How Many Candles on the Advent Wreath?

By Lula Tiews on 27/11/22


– fearing, waiting, expecting, repenting, resting, anticipating

– a sacred time

– heaven touches earth

– eternity breaks through

How many candles are supposed to be on the Advent wreath?

24 – 27 to help children count down the days to Christmas.

The inventor of the original Advent wreath was the founder and operator of the Rough House, Johann Hinrich Wichern. Wichern was a Hamburg-born theologian who devoted his life to helping, caring for, and nurturing the sick, the weak, and the needy. He established an institution to house, educate, train, and support needed children and youths.

It was in 1839 when the lights of the Advent wreath were lit for the first time. Unlike today’s Advent wreaths, it was decorated with red and white candles. The red ones represented the “normal” days, while the white ones represented the Sundays of Advent. Each day another candle was lit until finally on Christmas Eve all the lights were lit. (Read more)

Advent wreath in St. Michaelis, Hamburg

Recent Articles:

Praise God from Whom All Blessings Flow!
Your Last Night
Why Did You Leave Iran?
For My Father and Mother Have Forsaken Me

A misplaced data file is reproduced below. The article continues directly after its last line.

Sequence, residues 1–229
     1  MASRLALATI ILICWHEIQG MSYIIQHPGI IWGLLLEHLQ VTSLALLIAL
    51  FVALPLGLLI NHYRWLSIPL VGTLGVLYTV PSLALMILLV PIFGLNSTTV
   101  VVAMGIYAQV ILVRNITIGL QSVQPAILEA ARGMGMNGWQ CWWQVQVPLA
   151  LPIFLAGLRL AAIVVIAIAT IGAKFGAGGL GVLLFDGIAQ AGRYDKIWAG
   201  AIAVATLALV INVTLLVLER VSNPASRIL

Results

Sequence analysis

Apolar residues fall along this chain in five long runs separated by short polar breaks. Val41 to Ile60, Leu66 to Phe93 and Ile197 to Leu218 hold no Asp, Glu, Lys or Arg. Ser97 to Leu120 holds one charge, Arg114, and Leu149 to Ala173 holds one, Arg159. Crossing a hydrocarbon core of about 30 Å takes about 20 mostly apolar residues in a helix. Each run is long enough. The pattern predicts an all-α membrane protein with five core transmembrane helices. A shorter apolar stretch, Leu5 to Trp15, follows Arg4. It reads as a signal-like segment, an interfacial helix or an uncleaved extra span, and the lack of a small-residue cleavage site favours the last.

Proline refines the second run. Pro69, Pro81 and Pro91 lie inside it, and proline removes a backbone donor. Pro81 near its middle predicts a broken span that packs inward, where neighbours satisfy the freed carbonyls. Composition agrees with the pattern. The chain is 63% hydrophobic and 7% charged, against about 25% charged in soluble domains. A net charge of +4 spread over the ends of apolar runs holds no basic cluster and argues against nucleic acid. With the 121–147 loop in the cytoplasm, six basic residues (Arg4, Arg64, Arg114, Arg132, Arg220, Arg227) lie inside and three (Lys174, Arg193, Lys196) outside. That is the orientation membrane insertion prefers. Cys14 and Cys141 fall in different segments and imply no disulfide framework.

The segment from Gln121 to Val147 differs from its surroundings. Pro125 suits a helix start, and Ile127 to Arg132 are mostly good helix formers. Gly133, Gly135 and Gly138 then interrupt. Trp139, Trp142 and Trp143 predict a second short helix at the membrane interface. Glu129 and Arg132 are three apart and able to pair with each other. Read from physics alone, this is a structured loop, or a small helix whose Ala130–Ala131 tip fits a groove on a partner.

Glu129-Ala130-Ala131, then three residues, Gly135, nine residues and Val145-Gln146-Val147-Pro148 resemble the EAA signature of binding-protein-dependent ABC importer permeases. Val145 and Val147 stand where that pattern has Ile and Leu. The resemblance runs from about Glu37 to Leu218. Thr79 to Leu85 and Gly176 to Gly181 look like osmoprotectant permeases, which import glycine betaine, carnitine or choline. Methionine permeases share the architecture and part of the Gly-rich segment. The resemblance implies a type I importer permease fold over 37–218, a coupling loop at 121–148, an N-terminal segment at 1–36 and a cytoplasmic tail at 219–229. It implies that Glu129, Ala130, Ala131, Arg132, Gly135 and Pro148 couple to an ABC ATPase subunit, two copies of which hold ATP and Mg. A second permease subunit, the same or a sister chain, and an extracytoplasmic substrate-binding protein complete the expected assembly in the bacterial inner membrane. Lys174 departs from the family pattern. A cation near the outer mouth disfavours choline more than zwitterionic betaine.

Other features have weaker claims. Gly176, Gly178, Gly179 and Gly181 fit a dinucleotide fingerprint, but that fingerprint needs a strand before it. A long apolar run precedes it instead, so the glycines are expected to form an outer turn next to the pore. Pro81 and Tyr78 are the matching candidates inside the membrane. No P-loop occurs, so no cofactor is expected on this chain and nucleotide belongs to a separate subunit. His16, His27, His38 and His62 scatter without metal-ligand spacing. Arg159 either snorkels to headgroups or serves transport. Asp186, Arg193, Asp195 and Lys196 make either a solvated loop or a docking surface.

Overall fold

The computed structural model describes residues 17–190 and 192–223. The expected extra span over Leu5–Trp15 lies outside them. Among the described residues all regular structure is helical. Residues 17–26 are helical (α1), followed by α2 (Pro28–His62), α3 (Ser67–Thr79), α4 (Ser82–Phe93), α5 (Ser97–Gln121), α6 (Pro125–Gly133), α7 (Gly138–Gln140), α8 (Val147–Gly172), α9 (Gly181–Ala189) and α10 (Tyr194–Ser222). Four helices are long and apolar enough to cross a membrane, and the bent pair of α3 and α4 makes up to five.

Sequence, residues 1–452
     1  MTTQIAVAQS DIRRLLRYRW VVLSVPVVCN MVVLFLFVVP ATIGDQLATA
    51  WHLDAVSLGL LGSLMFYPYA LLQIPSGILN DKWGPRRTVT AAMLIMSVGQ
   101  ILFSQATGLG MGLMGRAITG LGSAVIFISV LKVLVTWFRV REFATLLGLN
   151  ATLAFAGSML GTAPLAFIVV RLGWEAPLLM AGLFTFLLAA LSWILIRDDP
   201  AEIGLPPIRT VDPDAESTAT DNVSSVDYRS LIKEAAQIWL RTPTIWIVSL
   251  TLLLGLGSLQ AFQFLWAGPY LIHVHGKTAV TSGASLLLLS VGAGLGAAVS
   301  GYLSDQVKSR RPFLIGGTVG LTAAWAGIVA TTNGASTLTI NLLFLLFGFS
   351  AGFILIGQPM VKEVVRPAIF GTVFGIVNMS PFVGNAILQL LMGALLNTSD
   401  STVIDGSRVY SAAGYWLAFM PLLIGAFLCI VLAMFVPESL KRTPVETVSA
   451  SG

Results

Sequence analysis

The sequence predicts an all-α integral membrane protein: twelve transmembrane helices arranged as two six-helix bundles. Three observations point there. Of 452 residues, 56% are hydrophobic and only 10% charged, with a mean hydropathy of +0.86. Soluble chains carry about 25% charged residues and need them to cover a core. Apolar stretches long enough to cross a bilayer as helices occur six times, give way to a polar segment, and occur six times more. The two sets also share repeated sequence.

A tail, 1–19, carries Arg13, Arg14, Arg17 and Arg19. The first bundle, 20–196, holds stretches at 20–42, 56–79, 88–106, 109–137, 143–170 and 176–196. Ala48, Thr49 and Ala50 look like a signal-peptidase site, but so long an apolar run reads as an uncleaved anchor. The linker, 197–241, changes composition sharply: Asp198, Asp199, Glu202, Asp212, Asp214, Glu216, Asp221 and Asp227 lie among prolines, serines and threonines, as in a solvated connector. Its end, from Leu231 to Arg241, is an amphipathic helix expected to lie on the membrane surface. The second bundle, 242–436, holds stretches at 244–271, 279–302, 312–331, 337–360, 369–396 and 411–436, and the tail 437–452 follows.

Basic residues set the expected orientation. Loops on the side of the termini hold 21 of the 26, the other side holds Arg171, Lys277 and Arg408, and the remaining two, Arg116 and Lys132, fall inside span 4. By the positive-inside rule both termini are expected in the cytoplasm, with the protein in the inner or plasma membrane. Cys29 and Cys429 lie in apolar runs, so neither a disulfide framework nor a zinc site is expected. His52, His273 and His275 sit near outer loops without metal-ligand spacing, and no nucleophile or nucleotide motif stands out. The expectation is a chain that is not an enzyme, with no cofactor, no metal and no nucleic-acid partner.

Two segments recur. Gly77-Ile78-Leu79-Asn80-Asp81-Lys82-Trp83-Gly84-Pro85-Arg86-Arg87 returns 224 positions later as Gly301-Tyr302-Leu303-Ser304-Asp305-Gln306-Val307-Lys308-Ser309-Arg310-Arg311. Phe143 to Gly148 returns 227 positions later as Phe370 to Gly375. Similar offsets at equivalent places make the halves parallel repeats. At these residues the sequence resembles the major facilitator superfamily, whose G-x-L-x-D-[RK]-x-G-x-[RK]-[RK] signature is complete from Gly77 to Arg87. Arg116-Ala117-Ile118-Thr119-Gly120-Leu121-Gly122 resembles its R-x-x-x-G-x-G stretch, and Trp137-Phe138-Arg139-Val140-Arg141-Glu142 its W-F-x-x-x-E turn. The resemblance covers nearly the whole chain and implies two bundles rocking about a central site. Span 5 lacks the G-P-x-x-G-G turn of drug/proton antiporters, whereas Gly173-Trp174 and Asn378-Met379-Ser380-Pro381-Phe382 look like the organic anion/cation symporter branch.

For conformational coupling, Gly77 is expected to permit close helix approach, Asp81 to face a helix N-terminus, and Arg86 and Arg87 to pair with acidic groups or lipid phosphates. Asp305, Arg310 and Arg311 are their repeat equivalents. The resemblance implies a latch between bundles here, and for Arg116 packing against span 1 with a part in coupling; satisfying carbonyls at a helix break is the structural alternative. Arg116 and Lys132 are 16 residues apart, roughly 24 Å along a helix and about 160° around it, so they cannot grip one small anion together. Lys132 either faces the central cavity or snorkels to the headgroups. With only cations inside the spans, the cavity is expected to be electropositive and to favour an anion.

Thank you to all who have already supported the wonderful mission work that is being done by our many LCMS missionaries in Eurasia and around the world. Thank you also for partnering directly with us—the Tiews family. If you are not yet partnering with us, below are various ways in which you can do so.
Praise the LORD that
Jesus took a sinful agnostic guy, forgave him, and is now using him to bring the Gospel to a land in which so many people do not know Jesus Christ.

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Giving by Check: You can also make a donation towards the Tiews’ ministry by check. Mail your check, made payable to The Lutheran Church—Missouri Synod and designated with their last name, to:

The Lutheran Church—Missouri Synod P.O. Box 66861 St. Louis, MO 63166-6861
(Or call 888-930-4438 to speak with someone.)

Another option is giving through:

Mission Central
40718 Highway E16
Mapleton, IA  51034-7105
Include “Tiews-Germany Support” in the memo line or give online at Mission Central.




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Tiews Family · Osakaallee 2 · Hamburg 20457 · Germany